In the POC program, two types of external positioning units were used; a SiRFStar II unit and a U-Blox unit. Both of these systems included internal, dead reckoning sensors and the associated filtering software. These systems obtained a GPS signal from the dual DSRC/GPS antenna via a power splitter that also routed the signals to the internal GPS card in the DuraCOR unit.

The overall positioning system is shown in Figure 4-51.

Block diagram with seven elements. At the top, gyro and odometer lead to an element labeled External GPS Receiver. This element connects down to an element labeled Positioning Service. At the right, an element labeled Power Splitter connects to the External GPS Receiver to the left, and loops around to the right and down to Internal GPS Receiver, which leads to Positioning Service at the left and to the element labeled DSRC Radio above. This element is fed by an element labeled Shared Antenna, which also feeds the element Power Splitter. DSRC Radio also connects to the Positioning Service.

Figure 4-51 OBE Positioning Subsystem

The SiRFStar II unit is shown in Figure 4-52, and the two units are compared in Figure 4-53.

Photograph showing a view of the top and one side of the unit that has connection ports and a toggle switch.

Figure 4-52 SiRFStar Positioning Unit


Photograph showing the two units side by side, with cabling attached.

Figure 4-53 SiRFStar II and U-Blox Positioning Units

4.5.6 Power Management Unit

Because the vehicle power system is both noisy and subject to abrupt interruption, the vehicle integration included a power management system. The CarNetix power control module, shown in Figure 4-54 provides filtering as well as programmable timing for various power buses. This allows the system to power on and off the supply voltages for various components, in a specific and prescribed order.

Photograph of a light-colored metal box with connection ports on the end. Diagram provided by CarNetix.

Figure 4-54 CarNetix Power Management Unit

The CarNetix unit provides a USB port which allows a laptop and CarNetix client software to configure, manage and if needed, monitor the power supply. The power supply hardware configuration is controlled by jumpers internal to the CarNetix unit. Figure 4-55 shows the setup screen used to set and monitor the supply lines and their respective on/off sequencing.

Rendering of a screen that includes gauges and digital readouts for various operating parameters.

Figure 4-55 CarNetix Power Management Controls

4.6 VIIC POC Vehicle Integration

The POC included a variety of vehicles, each of which presented its own system integration challenges. For the VIIC-equipped vehicles, a standard setup was used that allowed the system to be efficiently installed in any of the vehicles. A few of VIIC car maker members also developed their own custom installations.

Complete installation of an OBE subsystem includes installing and interconnecting the following equipment in the vehicle:

The OBE subsystem assembly is composed of a main aluminum chassis that holds the multiple components that make up the assembly. This is shown in Figure 4-56. The purpose of the raised panel on which the components are mounted is to allow a convenient place to store the large cable harness. This harness was necessary since each car is slightly different in layout, and the program wanted to avoid developing specialized harnesses for each vehicle. As a result, use of the “one size fits all” cable harness often meant that there was excess cable length that was stored in the area under the OBE chassis platform. A portion of this cabling can be seen in Figure 4-57.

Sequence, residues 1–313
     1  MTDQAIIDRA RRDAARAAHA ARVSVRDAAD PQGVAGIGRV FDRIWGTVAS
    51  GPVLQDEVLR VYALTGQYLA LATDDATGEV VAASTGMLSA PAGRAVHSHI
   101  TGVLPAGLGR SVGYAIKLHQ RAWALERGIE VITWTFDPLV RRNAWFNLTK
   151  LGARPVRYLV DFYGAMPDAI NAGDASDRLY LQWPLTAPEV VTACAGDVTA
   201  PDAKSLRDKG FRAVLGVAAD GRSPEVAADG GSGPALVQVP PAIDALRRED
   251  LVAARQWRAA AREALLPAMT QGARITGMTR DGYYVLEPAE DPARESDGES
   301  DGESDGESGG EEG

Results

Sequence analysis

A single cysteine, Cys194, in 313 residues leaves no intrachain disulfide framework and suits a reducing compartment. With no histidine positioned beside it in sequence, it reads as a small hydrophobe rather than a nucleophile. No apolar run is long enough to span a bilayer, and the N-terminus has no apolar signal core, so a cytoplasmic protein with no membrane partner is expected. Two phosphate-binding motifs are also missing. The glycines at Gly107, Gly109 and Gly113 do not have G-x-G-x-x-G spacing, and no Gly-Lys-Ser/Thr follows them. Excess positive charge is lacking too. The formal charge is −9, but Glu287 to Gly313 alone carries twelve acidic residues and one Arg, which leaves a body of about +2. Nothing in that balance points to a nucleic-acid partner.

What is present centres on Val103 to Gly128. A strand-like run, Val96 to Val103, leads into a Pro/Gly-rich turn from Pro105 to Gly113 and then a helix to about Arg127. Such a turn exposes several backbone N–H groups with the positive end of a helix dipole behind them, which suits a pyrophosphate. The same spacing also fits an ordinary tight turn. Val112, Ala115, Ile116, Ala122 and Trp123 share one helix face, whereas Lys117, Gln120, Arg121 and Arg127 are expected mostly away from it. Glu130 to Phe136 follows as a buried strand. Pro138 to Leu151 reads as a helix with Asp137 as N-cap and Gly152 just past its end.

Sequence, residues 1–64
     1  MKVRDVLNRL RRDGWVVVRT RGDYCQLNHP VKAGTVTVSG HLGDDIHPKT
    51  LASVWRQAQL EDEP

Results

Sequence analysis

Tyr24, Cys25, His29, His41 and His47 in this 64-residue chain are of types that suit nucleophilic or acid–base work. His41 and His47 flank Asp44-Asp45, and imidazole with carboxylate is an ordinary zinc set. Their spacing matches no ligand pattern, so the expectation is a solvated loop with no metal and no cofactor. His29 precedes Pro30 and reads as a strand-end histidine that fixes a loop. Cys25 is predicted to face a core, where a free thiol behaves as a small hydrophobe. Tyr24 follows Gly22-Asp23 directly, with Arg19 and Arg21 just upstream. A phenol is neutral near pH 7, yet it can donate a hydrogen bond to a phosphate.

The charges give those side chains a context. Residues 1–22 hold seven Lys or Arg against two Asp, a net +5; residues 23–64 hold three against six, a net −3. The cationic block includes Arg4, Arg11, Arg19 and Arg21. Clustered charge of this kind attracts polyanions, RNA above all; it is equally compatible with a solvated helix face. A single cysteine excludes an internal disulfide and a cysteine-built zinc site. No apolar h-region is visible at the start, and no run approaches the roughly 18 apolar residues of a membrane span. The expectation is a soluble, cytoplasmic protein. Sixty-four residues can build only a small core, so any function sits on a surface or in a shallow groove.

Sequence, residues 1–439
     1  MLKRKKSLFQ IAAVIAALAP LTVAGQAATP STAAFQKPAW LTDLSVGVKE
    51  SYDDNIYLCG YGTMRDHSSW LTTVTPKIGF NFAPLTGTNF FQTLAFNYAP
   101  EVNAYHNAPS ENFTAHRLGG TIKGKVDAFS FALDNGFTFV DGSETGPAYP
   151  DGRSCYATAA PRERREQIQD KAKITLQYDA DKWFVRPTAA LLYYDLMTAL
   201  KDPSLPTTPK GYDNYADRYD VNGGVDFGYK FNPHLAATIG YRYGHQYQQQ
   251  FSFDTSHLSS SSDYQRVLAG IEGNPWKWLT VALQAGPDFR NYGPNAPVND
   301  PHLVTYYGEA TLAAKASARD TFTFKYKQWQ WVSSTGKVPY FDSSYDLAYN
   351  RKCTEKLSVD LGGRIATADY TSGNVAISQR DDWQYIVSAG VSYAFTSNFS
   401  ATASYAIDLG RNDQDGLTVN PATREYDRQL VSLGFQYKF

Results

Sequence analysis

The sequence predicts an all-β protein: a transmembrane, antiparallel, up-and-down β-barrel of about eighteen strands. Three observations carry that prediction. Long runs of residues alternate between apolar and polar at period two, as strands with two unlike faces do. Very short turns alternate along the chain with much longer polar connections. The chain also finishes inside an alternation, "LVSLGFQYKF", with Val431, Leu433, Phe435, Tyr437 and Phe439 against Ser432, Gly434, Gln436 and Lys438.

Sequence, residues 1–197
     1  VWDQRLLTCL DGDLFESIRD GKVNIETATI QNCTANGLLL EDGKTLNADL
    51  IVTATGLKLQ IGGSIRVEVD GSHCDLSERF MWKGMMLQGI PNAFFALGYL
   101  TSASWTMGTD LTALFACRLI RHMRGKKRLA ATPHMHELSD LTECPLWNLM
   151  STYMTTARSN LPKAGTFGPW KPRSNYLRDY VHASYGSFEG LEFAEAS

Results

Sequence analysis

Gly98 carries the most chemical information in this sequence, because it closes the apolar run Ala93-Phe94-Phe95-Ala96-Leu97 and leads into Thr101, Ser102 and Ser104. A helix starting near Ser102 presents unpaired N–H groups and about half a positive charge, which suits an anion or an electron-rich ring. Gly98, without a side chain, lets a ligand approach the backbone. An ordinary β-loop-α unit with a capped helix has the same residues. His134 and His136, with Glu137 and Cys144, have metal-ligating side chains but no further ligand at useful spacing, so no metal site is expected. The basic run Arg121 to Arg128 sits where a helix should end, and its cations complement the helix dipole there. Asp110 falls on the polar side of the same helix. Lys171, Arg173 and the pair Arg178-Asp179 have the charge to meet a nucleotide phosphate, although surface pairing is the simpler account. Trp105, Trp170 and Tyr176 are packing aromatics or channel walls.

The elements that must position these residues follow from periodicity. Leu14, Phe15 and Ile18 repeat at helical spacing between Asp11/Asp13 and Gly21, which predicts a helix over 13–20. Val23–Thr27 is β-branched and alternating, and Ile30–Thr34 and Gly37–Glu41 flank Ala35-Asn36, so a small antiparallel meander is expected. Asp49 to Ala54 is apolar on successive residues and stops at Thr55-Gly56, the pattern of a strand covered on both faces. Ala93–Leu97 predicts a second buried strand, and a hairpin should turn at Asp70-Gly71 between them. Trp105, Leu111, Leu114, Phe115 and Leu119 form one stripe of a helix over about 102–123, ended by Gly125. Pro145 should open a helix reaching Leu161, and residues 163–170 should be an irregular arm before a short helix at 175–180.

Photograph with eight components labeled. These include OBE, External Positioning HW, Ethernet Switch, Power Supply, GPS Antenna Splitter, Power Distribution Block, External Positioning Cables, and External Positioning Connectors.

Figure 4-56 OBE Subsystem Assembly


Photograph with two items labeled. One is Cables to Passenger Compartment. The other is Ethernet, Battery, Ignition, and HMI Power/Return Cables Added.

Figure 4-57 OBE Cabling Assembly

A typical trunk assembly is shown in Figure 4-58. This approach allowed the OBE to be installed with minimal disruption of the vehicle and allowed the OBE subassembly to be easily accessible. As an example of the complexity of the vehicle integration, the hinges shown in the figure are necessary to allow the OBE assembly to be tilted up to access the vehicle's spare tire, a necessary precaution for a vehicle traveling thousands of miles in tests on the open road.

Photograph shows OBE unit inside a vehicle trunk.

Figure 4-58 OBE Trunk Mounting

The HMI display also presented challenges. In some vehicles, it was possible to remove an existing screen or display subsystem and replace it with the HMI. In others, there was simply no room to do so.

Figures 4-59 and 4-60 show two typical HMI mounting approaches. Figure 4-59 is in a Ford Mustang, which required an external mounting approach. Figure 4-60 is a Ford Edge, which allowed a more fully integrated in-dash mount.

Photograph showing dashboard and unit mounted adjacent to the steering wheel.

Figure 4-59 HMI External Dash Mount

Photograph showing dashboard and unit integrated above control panel adjacent to steering wheel.

Figure 4-60 HMI In-Dash Mount

The dual DSRC/GPS antenna was typically mounted to the roof by magnets embedded in the antenna housing. Figure 4-61 shows the antenna mounted on the center of the vehicle roof. This placement allows the antenna to be horizontal which results in symmetrical antenna coverage front-to-back. Other installations placed the antenna closer to the rear window (thereby eliminating the long cable run across the roof). This approach resulted in asymmetrical antenna coverage at times. The effects of these differences are discussed in Final Report – Volumes 3a, 4a and 5a.